(The Center Square) – Gov. Tim Walz expanded his wish list to legislators for an upcoming special session. Walz marked three priorities for lawmakers to agree on: Frontline Worker Pay, drought relief, and pandemic response.
Walz’s final peacetime emergency ended in July, so he needs lawmakers onboard to make the sweeping changes on his agenda. He urged legislators to address the following 11 items:
- Addressing Hospital Capacity by temporarily reinstating bed moratorium waivers
- Addressing Nursing Home Capacity by continuing temporary waivers related to non-layaway bed requirements
- Reinstituting Mortuary Science Storage and Licensing waivers
- Allow for Nursing Home Transfer & Discharge by temporarily waiving resident notification timeframes
- Allow nursing homes to quickly expand bed options by temporarily reinstating the Nursing Home Non-Layaway Beds waiver
- Continue authorized CCAP Payments to Closed Child Care Providers when classroom needs to close due to COVID cases or exposure
- Provide Child Care providers with flexibility through temporary suspension of Staff Distribution Requirements
- Consider temporary waivers for medical professionals to address critical staffing needs
- Modifying requirements to maintain long-term services and supports by not requiring signatures for allowable remote assessments and case management visits
- Allowing flexibility for personal care assistance (PCA) service oversight by allowing qualified professionals to provide required in-person oversight via two-way interactive telecommunications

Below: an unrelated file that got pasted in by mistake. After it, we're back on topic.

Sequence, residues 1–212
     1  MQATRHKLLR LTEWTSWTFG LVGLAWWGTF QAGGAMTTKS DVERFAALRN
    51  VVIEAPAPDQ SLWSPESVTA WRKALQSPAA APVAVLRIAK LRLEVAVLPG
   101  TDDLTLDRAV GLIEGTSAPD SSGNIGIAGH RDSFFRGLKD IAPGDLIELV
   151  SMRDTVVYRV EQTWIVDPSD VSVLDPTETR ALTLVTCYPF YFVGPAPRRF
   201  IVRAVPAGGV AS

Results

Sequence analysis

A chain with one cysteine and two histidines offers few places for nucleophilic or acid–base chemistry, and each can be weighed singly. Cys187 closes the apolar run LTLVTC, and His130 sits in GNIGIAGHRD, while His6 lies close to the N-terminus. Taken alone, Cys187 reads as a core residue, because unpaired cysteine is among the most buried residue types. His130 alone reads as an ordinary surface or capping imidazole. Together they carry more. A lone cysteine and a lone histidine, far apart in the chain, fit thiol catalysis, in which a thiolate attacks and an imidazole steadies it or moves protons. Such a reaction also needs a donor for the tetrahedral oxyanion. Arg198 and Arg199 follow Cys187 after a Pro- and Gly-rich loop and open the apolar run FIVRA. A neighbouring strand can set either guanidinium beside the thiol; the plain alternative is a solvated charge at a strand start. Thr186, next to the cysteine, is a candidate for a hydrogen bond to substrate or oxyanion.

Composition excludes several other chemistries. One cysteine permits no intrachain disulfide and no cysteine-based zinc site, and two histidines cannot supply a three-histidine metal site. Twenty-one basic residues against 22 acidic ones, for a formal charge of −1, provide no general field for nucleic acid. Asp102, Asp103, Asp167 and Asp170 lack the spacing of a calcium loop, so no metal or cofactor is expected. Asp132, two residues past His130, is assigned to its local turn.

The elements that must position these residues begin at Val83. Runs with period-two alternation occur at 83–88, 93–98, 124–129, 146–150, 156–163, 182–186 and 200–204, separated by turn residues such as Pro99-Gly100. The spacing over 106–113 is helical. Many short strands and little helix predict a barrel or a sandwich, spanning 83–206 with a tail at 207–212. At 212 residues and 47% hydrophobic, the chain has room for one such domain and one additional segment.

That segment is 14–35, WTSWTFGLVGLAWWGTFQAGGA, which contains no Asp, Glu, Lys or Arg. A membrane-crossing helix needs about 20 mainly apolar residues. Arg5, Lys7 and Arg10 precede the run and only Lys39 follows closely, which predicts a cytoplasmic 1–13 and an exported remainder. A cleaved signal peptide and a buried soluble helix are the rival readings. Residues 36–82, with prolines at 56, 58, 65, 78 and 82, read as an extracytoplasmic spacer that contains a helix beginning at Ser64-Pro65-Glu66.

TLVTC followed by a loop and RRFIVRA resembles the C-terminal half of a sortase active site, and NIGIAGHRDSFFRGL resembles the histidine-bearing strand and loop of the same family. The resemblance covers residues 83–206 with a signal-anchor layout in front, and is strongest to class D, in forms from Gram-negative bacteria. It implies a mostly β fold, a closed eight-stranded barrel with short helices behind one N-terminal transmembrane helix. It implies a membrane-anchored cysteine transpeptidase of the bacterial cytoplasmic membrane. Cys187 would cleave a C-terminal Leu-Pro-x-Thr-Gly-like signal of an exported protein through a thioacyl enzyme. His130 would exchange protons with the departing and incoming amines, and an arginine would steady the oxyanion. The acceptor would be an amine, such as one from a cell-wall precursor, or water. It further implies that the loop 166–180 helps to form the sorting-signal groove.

- Allow for verbal signatures on applications for assistance when a county or tribal office is closed, concerns of COVID exposure, or if there isn’t internet access.
He called for the state to follow President Joe Biden’s COVID-19 mandate and testing requirements for many long-term care workers, businesses with more than 100 employees, and teachers and school staff.
He called for consistent school requirements that help keep kids safely learning in the classroom, including parental notification of cases, isolation and quarantine. Additionally, for lawmakers to ensure that districts provide food and other essential services for students when they cannot hold in-person classes.
The GOP has pitched a plan for $250 million in bonus pay with each eligible nurse, first responders, corrections officers, long-term care workers, and hospice providers to pocket $1,200. Eligibility requires the workers couldn’t work from home, received less than one month of unemployment, and worked a minimum of 1,200 hours between March and December of 2020. There is no income cap on the proposal, and an application process would provide bonus pay as soon as the application is approved.
But the DFL said that wasn’t enough. Walz said he was ready to call a special session as soon as lawmakers reach an agreement.
Senate Majority Leader Jeremy Miller, R-Winona, said he was confident lawmakers could agree on frontline worker bonus pay but called the growing wish list “not productive” to expediting that payout.
“The growing list of requests from Governor Walz is not productive towards ensuring these dedicated workers receive their bonus pay in a timely manner,” Miller said in a statement. “They took the biggest risk and kept us safe during the pandemic, and they deserve meaningful bonus checks.”